Separate names with a comma.
Discussion in 'Model 3' started by carvana, Aug 14, 2019.
When would we see a Tesla model 3 with 400+ miles range? 2020?
182.965 Elon Time
If you are holding off for more range, don't.
I doubt it. I think the Model S will get 400 miles first.
We might see the RWD Long Range come back at some point (possibly when the Y is being produced) and with a year or two of improved battery tech we might see some small improvements. I could see a RWD LR Model 3 in two years that might get near 350 miles. However, with the faster charge rate (~140kW and up to ~225kW on V3 superchargers) a 310 mile range Model 3 should be absolutely enough. Even only getting ~70% of that rated range, it's still almost 3 hours of driving at 75 mph. If you're at a V2 supercharger then you're gaining back about 100 miles in 11 minutes and over 160 miles in about 20 minutes total.
At V3 you might see those 100 miles in like 6 minutes or something.
(My 70% of rated range was just a stab in the dark; ABetterRoutePlanner says you'll get about 91% of that rated range [285 miles] at 65mph)
No need. As charging speeds increase I see range being reduced or kept steady. There is no need to pay for more battery than you need.
On the East coast, Superchargers are dense enough the biggest gap you'd ever need to jump is like 60 miles. So even in sub-zero snowstorms, my little SR+ could make it to Maine and back home (according to ABRP).
Not true there are plenty of 120 mile plus spacings. For example Savanna to Atlanta, large portions of West Virginia, north west from Birmingham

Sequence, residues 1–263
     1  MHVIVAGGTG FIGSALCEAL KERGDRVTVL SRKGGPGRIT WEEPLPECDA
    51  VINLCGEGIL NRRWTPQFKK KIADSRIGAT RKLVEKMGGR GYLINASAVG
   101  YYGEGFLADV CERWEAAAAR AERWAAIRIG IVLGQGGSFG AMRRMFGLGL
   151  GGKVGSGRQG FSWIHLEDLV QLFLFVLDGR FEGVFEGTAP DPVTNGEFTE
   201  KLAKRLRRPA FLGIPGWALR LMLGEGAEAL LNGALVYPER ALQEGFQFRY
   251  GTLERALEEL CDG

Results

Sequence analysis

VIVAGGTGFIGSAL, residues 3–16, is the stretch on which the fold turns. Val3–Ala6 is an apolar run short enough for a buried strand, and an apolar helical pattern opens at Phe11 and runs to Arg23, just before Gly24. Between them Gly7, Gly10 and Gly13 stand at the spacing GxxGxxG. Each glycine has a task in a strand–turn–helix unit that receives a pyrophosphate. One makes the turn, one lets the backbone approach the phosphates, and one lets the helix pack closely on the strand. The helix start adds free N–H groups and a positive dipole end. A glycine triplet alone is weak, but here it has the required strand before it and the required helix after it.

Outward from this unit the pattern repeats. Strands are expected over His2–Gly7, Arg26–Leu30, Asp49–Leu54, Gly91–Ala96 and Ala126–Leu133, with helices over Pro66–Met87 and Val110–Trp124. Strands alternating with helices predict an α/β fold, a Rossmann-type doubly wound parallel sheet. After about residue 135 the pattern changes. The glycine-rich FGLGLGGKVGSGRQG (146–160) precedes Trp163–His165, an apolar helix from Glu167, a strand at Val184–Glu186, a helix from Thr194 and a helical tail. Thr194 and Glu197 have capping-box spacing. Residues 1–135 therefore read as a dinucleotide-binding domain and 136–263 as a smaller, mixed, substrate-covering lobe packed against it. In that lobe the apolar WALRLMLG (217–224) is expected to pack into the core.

Starting location is important. My profile does state Maryland, so maybe I should say "Northeast coast." But my point still stands. Here's ABRP for a SR+ at 0 degrees F with 30 MPH headwinds and heavy snow:
With 370 on tap with new models I agree - 400+ is around the corner. Maxwell......?
Thanks. It's August and you're already reminding us that Winter Is Coming.
400 mile range just depends on how battery technology goes.
They'd sacrifice some range for cheap per kWh, and faster charging.
I have a vintage P85 with 88k miles pack degraded to 247miles at 100%, yesterday woke up 230miles from the supercharger network with hilly country between. The single J1772 connection in Florence WI is what allowed me to connect those dots, temps in the low 70s so modest HVAC use. Half hour rest stop in Florence at 10kw gave me the buffer I needed to drive appropriate speeds.
I think a lot of gaps can be filled with destination chargers and not the 6kw kind. There are a couple slower destination chargers along the way that would be too cumbersome.
Before bigger batteries and expensive superchargers put in low traffic places I think we can get by on high output AC connections. With a wife who gave me two wonderful children and said children I am stopping for 20minutes every 2 hours anyway, a 10mile or so nudge can be worthwhile.
I both agree (as a 6 year EV “veteran” with hands on experience with 80 miles, 125 miles and 310 miles EVs - so for me a 200 mile range is sufficient) and disagree.
The first question that I get from ICE owners is “what’s the range?” and as long as ICEs get 500 miles on a 5 minute refill, EVs will have to get better.